A Word to the Church After the Election.

Tirelessly working

 

 

Elmina Castle is a popular tourist stop in the African country of Ghana, with a dark history. Elmina Castle was one of the biggest trading posts for slaves in the Trans-Atlantic Slave Trade centuries ago. It is estimated that over 30,000 slaves were held underneath Elmina Castle in a dungeon. And the thing about this dungeon was that there was only one air vent for all of the people underneath. As you can imagine, many died of suffocation and disease ran rampant in the compressed quarters. But this vent was directly in front of the door to the church in the castle. And so, every Sunday, church goers would literally have to step over the vent to go to church as the cries of those begging for their freedom would fill the air around them. In fact, it is said that the congregation was often asked to sing more loudly as to drown out the cries from underneath. So, Sunday after Sunday, these people could no longer choose ignorance of the problem. They had to make a willful decision not to help.Story from IJM

Just days into 2017, and so many of us have already steeled ourselves for the months ahead, haven’t we? At the end of the high fructose corn syrup of election cycles, we’re left gutted and wary of what’s to come. Whatever your politics, the day after the election a teacher friend of mine consoled sobbing, undocumented children in his class– and could not tell them they were safe. Whatever your politics, my friend’s adopted Rwandan son came home the day after the election and asked if he and his Iraqi friend were going to be sent away from their families, and back across the ocean. Whatever your politics, my friend with a debilitating medical condition that renders her unable to work is deeply afraid of what will happen when her health insurance disappears. Whatever your politics, my friends of color seem to be overwhelmingly disheartened by the new administration.

It’s easy for us to argue about policies, but the real, lived experiences of our neighbors? God forbid we simply sing louder to drown out their voices.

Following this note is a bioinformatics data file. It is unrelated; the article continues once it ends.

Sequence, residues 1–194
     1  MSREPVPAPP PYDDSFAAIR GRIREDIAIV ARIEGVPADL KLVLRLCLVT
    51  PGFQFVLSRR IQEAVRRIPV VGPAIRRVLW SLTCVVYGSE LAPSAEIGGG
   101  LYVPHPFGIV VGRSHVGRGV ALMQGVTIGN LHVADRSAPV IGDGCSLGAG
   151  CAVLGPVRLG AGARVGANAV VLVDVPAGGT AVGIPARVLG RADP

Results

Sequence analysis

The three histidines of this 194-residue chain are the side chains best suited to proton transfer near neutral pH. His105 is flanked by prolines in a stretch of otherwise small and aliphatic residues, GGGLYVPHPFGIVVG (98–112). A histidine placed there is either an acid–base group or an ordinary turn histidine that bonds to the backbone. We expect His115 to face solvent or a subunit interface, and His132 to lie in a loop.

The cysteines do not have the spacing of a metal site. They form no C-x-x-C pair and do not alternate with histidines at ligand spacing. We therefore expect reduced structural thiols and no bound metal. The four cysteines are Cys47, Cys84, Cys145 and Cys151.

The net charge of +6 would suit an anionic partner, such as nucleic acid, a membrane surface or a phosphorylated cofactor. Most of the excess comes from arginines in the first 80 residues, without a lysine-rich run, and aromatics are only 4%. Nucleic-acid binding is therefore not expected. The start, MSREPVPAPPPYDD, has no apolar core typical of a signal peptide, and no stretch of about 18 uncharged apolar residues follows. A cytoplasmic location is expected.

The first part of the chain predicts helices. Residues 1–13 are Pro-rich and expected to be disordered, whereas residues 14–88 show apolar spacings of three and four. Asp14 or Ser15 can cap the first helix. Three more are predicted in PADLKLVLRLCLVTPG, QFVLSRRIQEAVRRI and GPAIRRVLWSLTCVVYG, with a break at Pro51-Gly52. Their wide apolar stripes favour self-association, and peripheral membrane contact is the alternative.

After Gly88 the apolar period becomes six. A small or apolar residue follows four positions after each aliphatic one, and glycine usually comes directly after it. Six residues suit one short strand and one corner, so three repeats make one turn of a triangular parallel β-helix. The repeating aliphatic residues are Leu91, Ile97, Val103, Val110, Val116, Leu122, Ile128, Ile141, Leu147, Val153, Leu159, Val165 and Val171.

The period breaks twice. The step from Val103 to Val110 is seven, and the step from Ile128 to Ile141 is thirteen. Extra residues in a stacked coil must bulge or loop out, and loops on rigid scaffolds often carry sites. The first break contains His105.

Wherever you stand politically, it’s been an ugly season and so many of us find ourselves viscerally unhinged, attempting to clumsily navigate the wreckage. It feels like the world is on fire—ablaze with anger and fear and hate that seem impossible to quell. Rhetoric feels ever increasingly more us and them–which should unite us all in sober grief.

It bears repeating that no matter how we voted, our charge as the Church is the same as it has always been: to fiercely love God and to fiercely love people. For the believer, justice is not a partisan issue–it is a gospel issue. Loving people like Jesus loves them means leaning hard into holy anger about injustice, oppression and the exploitation of people, and working tirelessly for justice, freedom and peace.  The sick, the elderly, the undocumented immigrant, the unborn, the marginalized, the oppressed, the poor, the orphaned, the refugee—they are all emphatically ours. Their sorrows are ours to bear, ours to act upon as we demonstrate and proclaim the gospel. Wherever the new administration dismisses or harms them, we have a mandate to step in and care for them—the task has always belonged to us. We care because He cares, and our whole lives should reflect it.